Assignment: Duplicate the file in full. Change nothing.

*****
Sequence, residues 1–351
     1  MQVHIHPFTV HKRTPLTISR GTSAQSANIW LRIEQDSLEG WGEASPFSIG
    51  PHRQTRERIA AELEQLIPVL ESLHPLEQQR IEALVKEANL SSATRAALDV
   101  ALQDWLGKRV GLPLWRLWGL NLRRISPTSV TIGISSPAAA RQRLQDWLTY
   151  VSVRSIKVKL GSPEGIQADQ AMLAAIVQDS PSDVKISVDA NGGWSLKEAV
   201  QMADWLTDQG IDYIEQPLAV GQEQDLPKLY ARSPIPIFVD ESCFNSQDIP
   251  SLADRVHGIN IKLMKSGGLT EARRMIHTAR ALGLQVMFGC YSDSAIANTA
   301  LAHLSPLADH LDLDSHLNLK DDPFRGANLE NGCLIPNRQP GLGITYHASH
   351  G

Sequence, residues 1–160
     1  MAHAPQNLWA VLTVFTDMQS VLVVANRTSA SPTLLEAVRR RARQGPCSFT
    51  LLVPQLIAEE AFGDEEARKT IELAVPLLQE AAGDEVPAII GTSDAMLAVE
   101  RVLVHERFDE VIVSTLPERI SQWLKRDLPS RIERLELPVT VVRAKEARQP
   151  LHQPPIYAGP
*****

Sequence, residues 1–351
     1  MQVHIHPFTV HKRTPLTISR GTSAQSANIW LRIEQDSLEG WGEASPFSIG
    51  PHRQTRERIA AELEQLIPVL ESLHPLEQQR IEALVKEANL SSATRAALDV
   101  ALQDWLGKRV GLPLWRLWGL NLRRISPTSV TIGISSPAAA RQRLQDWLTY
   151  VSVRSIKVKL GSPEGIQADQ AMLAAIVQDS PSDVKISVDA NGGWSLKEAV
   201  QMADWLTDQG IDYIEQPLAV GQEQDLPKLY ARSPIPIFVD ESCFNSQDIP
   251  SLADRVHGIN IKLMKSGGLT EARRMIHTAR ALGLQVMFGC YSDSAIANTA
   301  LAHLSPLADH LDLDSHLNLK DDPFRGANLE NGCLIPNRQP GLGITYHASH
   351  G

Sequence, residues 1–160
     1  MAHAPQNLWA VLTVFTDMQS VLVVANRTSA SPTLLEAVRR RARQGPCSFT
    51  LLVPQLIAEE AFGDEEARKT IELAVPLLQE AAGDEVPAII GTSDAMLAVE
   101  RVLVHERFDE VIVSTLPERI SQWLKRDLPS RIERLELPVT VVRAKEARQP
   151  LHQPPIYAGP